Urban Age – Shaping the future of our cities
More than half of the world’s population already lives in cities today and more than 70 percent will live in urban centers by 2050. How should cities of the future be designed to overcome the social, economic and ecological challenges of the future?
Urban Age Conference – International competence network
Rio de Janeiro | December 2013
Like no other city in the world right now, the six million citizens of Rio de Janeiro are feeling the transformational effect of two mega sporting events on their everyday city life - the 2014 FIFA World Cup and the 2016 Summer Olympics. The twelfth Urban Age Conference "City Transformations" was set in this context of change. © Marcos L. Rosa more
London | December 2012
In the 21st century, the digital age, not only cities but also their economies are changing. The phenomena of “the urban age” and the implications for social and ecological well-being are the focus of “The Electric City” conference in London. more
Hong Kong | November 2011
With nearly 16,000 inhabitants per square kilometer, Hong Kong is the most densely populated place in the world. How can the city assure the quality of life and health of its residents under such living circumstances? The “Cities, Health and Well-Being” conference in Hong Kong focuses on the risks of living in a confined space. more
Global Metro Summit in Chicago | 2010
The “Great Recession” in the United States, Europe and other parts of the world destroyed the lives and livelihoods of millions of people and caused havoc in global financial markets and crucial areas of the economy. The conference in Chicago formulates a strategy for city economies of the future and shows how urban regions can be governed with the help of intelligent, political measures. more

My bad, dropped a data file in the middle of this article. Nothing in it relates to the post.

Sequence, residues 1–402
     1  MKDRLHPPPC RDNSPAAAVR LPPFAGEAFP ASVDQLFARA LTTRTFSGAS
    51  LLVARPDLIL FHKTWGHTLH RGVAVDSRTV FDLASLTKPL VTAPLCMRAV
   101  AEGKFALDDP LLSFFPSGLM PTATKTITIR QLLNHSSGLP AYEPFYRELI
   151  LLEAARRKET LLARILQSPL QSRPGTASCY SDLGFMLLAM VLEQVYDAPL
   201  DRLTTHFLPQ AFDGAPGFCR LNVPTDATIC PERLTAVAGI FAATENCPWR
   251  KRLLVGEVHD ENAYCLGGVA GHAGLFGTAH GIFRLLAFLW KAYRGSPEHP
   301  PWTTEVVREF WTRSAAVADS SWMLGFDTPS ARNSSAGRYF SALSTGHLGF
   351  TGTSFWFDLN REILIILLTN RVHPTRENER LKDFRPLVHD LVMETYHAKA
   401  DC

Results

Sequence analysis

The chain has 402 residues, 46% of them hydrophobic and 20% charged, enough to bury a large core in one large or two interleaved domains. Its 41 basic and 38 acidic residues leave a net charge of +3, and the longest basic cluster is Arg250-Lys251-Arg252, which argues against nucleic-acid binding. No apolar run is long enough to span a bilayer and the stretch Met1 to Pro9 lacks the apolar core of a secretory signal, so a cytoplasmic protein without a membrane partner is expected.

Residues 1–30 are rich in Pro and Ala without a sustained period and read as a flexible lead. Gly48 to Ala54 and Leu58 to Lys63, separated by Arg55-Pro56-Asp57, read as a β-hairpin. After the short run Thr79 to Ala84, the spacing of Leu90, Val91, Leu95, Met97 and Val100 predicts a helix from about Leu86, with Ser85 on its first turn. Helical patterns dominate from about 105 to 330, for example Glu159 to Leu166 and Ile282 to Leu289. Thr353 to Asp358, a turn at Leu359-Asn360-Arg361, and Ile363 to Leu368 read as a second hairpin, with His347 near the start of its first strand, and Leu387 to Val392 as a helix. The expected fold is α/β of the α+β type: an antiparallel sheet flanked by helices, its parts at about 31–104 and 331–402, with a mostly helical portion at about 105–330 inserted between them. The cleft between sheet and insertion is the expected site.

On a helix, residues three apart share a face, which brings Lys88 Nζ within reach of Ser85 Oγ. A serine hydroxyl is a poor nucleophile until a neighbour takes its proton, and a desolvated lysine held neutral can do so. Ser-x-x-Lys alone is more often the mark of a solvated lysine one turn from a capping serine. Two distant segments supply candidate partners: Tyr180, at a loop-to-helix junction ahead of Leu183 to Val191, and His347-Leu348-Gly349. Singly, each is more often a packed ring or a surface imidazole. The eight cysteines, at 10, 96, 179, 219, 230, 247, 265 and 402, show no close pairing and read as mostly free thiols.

Istanbul | November 2009
From time immemorial, Istanbul has been a city that has bridged continents and cultures. How does Istanbul confront the challenges of a rapidly growing population? What solutions does Istanbul offer to endure natural disasters, earthquakes and floods? What are the consequences of rejuvenating individual city districts? more
São Paulo | December 2008
What are the consequences of structural change for South America’s largest cities? Growing energy use, pollution and uncontrolled population growth are analyzed and debated. more
Mumbai | November 2007
Four Indian megacities were the focus of the 2007 conference. To facilitate mutual learning, the conference analyzes and compares the peculiarities of Mumbai, Calcutta, Bangalore and Delhi. more
Halle | Mexico City | Berlin | Johannesburg | 2005
Rapid growth versus declining populations: While Mexico city and Johannesburg struggle with population growth and social inequality, cities in eastern Germany must respond to declining populations.
New York | Shanghai | London | 2005
Affordable housing in New York and the migration of rural workers to Shanghai: There are numerous social and economic challenges to overcome in megacities in the 21st century.
“Urban Age – The Future of Cities” is a series of conferences that Deutsche Bank’s Alfred Herrhausen Society (AHS) launched in collaboration with the Cities Programme at the London School of Economics and Political Science (LSE). The project seeks solutions to the challenges cities are facing in the 21st century. Urban Age analyzes the problems of megacities, bringing together mayors, architects, city planners, academics and NGOs to learn from each other.
International conferences have been taking place since 2005, for instance, in New York, Shanghai, London, Mexico City, Johannesburg, Berlin, Mumbai and São Paulo. Studies are conducted ahead of the conferences, and experts in the network exchange views and information with local experts to learn about the specific challenges confronting the conference city. Topics such as traffic, security, governability and sustainable economics as well as the use of public space define the discussions depending on their relevance for each city. The conferences have resulted in two anthologies “The Endless City” and “Living in the Endless City” as well as an extensive collection of data and other research materials.
Rio de Janeiro
In 2013, Rio de Janeiro was the focus of the Deutsche Bank Urban Age Award. The winning projects, Plano Popular Vila Autódromo and Pontilhão Cultural, contribute to improving life in the Brazilian city by tackling the specific needs of their communities.
Learn more about the the 2013 Urban Age Award and its projects.